Mortality From Coronavirus: How Things Really Are

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Mortality From Coronavirus: How Things Really Are
Mortality From Coronavirus: How Things Really Are

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Mortality from coronavirus: how things really are

The World Health Organization reports that the global mortality rate from coronavirus infection COVID-19 is 3.4%. Previously, this figure was estimated at 2%. Let's figure out what is known today about the risk of death from this disease and what factors increase it.

Mortality from coronavirus: how things really are
Mortality from coronavirus: how things really are

Photo: Anagoria / CC BY 3.0 / 7745

The World Health Organization reports that the global mortality rate from coronavirus infection COVID-19 is 3.4%. Previously, this figure was estimated at 2%.

“Globally, about 3.4% of known cases of COVID-19 have ended in death. In comparison, seasonal flu kills less than 1% of those infected,”said WHO Director-General Tedros Adanom Ghebreyesus at a briefing.

The New York Times suggests that the data takes into account deaths from the disease that happened outside of China: in Italy, Iran, South Korea and other countries.

In February, when the largest number of new cases of COVID-19 was detected in China, the WHO reported a death rate in Wuhan of 2-4%, outside it - 0.7%. The organization noted that in different countries, the number of victims of the virus may differ.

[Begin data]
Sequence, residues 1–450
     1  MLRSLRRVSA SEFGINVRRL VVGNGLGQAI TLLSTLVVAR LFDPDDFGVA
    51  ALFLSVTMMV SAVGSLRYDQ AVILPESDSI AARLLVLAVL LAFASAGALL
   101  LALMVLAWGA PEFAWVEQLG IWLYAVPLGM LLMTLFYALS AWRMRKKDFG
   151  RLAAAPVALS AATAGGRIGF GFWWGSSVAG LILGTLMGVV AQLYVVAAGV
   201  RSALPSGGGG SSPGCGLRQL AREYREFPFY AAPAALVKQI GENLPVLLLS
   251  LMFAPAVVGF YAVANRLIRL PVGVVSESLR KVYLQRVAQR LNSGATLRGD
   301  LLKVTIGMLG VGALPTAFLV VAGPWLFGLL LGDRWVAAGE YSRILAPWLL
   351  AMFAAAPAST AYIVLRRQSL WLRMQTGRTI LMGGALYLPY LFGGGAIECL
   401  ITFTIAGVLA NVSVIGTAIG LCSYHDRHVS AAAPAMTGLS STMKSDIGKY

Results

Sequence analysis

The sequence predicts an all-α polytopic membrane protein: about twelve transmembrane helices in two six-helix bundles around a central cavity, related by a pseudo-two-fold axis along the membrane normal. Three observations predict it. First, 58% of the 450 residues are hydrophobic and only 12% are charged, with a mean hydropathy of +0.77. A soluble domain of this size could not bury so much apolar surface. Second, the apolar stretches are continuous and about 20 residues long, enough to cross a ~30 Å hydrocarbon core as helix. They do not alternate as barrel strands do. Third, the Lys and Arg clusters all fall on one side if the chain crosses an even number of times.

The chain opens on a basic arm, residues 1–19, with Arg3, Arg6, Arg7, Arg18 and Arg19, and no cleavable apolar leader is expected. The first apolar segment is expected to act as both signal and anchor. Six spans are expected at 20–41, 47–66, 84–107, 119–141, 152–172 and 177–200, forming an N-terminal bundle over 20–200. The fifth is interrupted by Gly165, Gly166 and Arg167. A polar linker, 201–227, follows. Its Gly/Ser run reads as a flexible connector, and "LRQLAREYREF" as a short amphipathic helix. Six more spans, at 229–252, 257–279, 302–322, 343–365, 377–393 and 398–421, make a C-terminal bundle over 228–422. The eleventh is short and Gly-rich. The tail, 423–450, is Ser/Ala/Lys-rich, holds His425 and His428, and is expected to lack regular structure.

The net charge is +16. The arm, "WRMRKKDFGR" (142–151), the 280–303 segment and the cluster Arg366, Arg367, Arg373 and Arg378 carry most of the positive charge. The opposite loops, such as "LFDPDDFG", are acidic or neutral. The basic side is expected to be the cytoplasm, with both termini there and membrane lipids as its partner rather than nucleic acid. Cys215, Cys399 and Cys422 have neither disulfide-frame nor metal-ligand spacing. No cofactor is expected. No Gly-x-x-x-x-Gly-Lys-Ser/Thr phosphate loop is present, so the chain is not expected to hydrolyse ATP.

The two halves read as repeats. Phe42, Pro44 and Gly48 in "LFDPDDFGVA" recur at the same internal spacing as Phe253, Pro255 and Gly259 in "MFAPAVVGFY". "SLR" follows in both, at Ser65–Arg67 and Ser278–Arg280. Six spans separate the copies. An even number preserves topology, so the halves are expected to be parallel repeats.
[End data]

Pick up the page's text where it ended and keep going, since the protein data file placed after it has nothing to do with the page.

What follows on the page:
Based on information that was available as of Feb 11, the Chinese Centers for Disease Control and Prevention reported a 2.3% death rate from COVID-19. This report provided the first data on who is at risk of increased mortality.

According to this February data, age was the most significant risk factor for death from COVID-19. Over the age of 80, 14.8% of patients died, 70-80 years old - 8%, 60-70 years old - 3.6%, 50-60 years old - 1.3%. For younger people, the mortality rate was much lower: from 0.2-0.4%.

Among the diseases that increase the likelihood of death from coronavirus infection, the Chinese Centers for Disease Control named cardiovascular diseases (by 10.5%), diabetes mellitus (by 7.3%), chronic lung diseases (by 6.3%), hypertension. (by 6%), cancer (by 5.6%).

The World Health Organization report, which reflects data from February 16 to 24, is more alarming. It states that concomitant cardiovascular diseases increase the risk of death from COVID-19 by 13.2%, diabetes by 9.2%, hypertension by 8%, chronic lung disease by 8%, cancer by 7. 6%.

Professor Vladimir Nikiforov, chief infectious disease specialist at FMBA of Russia, shared epidemiological data on COVID-19 on his Instagram. He posted a graphic diagram of the relationship between the risk of death and age.

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Anthony Fauci, director of the US National Institute of Allergy and Infectious Diseases, wrote in an article in the New England Journal of Medicine on February 28 that the real mortality rate among COVID-19 patients is likely to be lower. This is due to the fact that many cases of a mild course of the disease are now not taken into account by statistics. He suggested that the mortality rate is unlikely to exceed 1%.

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